Parochial Board

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Extracts from the book, “Blantyre Explained” by Paul Veverka (c) 2018


Blantyre Parochial Board – a predecessor of Blantyre Parish Council. The Board formed on 1st August 1848 and existed until 13th April 1895 after which it became Blantyre Parish Council. It was responsible for much reform in Blantyre including the arrival of gas, better education and water supplies.

Blantyre Parish Council – formed in 1895. Blantyre Parish Council succeeded a much earlier form of the organisation, in Blantyre Parochial Board. Both the Parochial Board and the Parish Council were to be involved in all matters of Blantyre, most notably in its educational, social, infrastructure and housing reforms. Important matters such as installing Blantyre’s Gas, Water and the building of schools were taken and made by the Board. It was therefore perhaps one of the most important organisations Blantyre has ever seen.

Meetings took place every month. The following paragraph is a typical example of matters discussed. On the first Thursday in February 1900, a statutory meeting of the Parish Council took place in High Blantyre. There were several topics. First up was a discussion about the Poor Law Act. Mr Neil Douglas presided. Also present were Messrs J Reid, Loudon, W Reid, Hastie, Batters, McQuarrie, Davidson, Paterson, McMillan, McInulty, Jackson and Nimmo, with Mr. AB Maxwell, inspector of the poor. The roll of the poor was adjusted and the number of applications for relief was considered. Second on the agenda was a reporting of finances. The Law and Finance committee reported that accounts amounting to £1,224 2s 6d including £1,000 paid to School Board were examined and recommended for payment. The inspectors account amounted to £136 1s 11d for the past month. Rates collected amounted to £4,162 15s (this was the equivalent of modern council tax) as compared with £4,642 6s 9d the previous year in 1899.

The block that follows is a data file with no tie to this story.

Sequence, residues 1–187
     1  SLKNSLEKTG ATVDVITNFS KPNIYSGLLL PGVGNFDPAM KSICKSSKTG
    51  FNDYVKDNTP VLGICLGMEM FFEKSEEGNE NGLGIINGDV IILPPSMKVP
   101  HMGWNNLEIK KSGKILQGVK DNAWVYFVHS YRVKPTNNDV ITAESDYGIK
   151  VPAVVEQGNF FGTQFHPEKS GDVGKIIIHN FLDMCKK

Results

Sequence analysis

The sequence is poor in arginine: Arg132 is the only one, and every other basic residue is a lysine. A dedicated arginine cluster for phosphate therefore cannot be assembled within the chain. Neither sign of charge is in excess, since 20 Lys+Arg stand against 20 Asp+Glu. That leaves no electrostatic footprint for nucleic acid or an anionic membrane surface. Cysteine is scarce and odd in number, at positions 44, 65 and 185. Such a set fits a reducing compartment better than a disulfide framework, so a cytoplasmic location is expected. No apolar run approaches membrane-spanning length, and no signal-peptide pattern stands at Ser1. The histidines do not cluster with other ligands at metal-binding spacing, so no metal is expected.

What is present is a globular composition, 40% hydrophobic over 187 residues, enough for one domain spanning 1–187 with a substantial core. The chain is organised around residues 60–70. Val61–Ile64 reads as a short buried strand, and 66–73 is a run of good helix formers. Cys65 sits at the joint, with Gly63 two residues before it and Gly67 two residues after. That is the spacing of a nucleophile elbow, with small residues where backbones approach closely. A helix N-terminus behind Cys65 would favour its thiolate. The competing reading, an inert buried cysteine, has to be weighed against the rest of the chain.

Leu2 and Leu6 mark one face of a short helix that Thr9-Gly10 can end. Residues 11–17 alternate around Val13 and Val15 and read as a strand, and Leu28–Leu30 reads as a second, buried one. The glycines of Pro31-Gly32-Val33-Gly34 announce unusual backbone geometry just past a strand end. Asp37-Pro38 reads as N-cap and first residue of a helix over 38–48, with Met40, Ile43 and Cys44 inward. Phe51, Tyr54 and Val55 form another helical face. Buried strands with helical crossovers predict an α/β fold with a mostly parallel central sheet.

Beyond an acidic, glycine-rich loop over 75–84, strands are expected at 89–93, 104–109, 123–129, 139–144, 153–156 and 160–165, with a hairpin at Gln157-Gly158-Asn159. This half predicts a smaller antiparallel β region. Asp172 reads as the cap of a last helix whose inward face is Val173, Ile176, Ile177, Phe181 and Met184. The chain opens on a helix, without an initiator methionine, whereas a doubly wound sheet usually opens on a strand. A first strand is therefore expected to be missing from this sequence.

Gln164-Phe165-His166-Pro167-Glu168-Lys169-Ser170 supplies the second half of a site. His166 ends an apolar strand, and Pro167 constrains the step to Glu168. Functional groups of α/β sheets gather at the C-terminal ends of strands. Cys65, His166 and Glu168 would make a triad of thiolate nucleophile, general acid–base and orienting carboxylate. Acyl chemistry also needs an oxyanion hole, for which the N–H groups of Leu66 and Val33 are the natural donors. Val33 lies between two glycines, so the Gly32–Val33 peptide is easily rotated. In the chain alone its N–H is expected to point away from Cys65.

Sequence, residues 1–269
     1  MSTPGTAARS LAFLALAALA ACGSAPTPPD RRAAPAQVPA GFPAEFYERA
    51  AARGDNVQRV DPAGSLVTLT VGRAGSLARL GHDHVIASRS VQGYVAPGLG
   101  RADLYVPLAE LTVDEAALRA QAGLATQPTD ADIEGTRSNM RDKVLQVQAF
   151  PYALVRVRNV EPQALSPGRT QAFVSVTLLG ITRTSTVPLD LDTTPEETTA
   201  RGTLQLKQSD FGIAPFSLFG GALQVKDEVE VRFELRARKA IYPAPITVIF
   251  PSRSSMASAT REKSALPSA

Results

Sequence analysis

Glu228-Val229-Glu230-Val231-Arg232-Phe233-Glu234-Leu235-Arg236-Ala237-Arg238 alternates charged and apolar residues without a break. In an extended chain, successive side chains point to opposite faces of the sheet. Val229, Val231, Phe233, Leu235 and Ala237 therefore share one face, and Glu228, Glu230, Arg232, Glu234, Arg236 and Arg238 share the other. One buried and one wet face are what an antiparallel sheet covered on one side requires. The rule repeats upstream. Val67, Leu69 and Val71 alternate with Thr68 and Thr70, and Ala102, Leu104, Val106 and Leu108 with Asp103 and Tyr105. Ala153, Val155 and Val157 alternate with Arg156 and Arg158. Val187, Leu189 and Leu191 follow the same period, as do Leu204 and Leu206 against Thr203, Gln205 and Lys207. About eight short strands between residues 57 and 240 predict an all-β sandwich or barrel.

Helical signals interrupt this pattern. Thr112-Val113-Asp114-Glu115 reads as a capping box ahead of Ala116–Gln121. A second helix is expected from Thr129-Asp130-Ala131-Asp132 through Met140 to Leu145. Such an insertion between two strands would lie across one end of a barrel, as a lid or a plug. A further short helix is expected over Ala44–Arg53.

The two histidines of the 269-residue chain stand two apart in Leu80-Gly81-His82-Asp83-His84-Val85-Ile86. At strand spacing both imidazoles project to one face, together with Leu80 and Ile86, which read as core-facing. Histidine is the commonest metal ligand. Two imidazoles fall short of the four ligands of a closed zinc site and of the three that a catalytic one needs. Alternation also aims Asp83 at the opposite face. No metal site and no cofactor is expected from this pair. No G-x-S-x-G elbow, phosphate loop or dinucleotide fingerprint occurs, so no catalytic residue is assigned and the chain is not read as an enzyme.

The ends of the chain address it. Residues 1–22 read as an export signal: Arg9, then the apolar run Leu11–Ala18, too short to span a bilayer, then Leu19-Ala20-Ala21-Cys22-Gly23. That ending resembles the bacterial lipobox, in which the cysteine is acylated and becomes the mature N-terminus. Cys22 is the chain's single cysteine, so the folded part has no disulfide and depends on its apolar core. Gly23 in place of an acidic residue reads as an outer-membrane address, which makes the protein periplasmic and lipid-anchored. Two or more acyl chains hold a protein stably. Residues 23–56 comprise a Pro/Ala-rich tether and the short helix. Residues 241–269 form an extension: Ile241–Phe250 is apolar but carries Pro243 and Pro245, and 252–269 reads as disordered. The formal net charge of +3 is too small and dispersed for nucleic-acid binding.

Amongst members of the Parish Council was Justice of the Peace, Mr. John Welsh, who was also headmaster of Calder Street School. He attended Blantyre Parish Council for 8 years, 3 of which he was chairperson.

The decision of Blantyre Parish Council was carried out on Tuesday 18th October 1927 to stop the relief payment of those unemployed men who the previous week had refused to accept work offered by the Parish CounciL Those who had been refused relief were asked to meet at the Council Chambers at two o ‘ clock in the afternoon, and the wives were asked to demand relief for themselves and their children. A crowd of about four hundred people, many of them women, assembled and were addressed by the local Communists. Three men went into the Chambers io ask for relief for the wives and children, but Mr John Welsh, ihe inspector told them he was only carrying out the decision of ihe Council. A vote was taken on the question of going to work or refusing by those unemployed and resulted in 31 voting for refusing to work and 24 for accepting the terms offered by the Council. Three men at once went into the Chambers asked for work, were employed and straightaway went to work on the new public park (at Stonefield). It was learned ihat nine men were working yesterday and that others had signalled their intention of starting this morning.

Under the Local Government (Scotland) Act 1929, the Parish Council disappeared and from 16th April 1930 became part of the 5th District Council of the County of Lanark (a predecessor to South Lanarkshire Council). As the newly formed 5th District Council took ownership of similar buildings across Lanarkshire, it is likely around this time that they renovated and upgraded their Council Offices building in Cemetery Road. The Council then changed to the 8th District Council in April 1964 and again from 16th May 1975 under the reorganisation of Local Government when it came under Hamilton District of the newly formed Strathclyde Region. Today the most modern development is the currently named South Lanarkshire Council.